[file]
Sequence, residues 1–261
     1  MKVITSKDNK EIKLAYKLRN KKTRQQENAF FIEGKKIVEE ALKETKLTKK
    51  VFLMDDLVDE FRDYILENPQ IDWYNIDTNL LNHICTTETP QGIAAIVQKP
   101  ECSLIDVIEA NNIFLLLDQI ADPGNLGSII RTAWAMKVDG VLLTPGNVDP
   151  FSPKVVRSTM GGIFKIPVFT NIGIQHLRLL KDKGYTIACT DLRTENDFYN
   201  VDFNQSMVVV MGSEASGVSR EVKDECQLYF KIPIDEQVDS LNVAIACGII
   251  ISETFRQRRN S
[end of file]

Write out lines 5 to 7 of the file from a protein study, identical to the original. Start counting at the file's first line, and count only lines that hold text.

   151  FSPKVVRSTM GGIFKIPVFT NIGIQHLRLL KDKGYTIACT DLRTENDFYN
   201  VDFNQSMVVV MGSEASGVSR EVKDECQLYF KIPIDEQVDS LNVAIACGII
   251  ISETFRQRRN S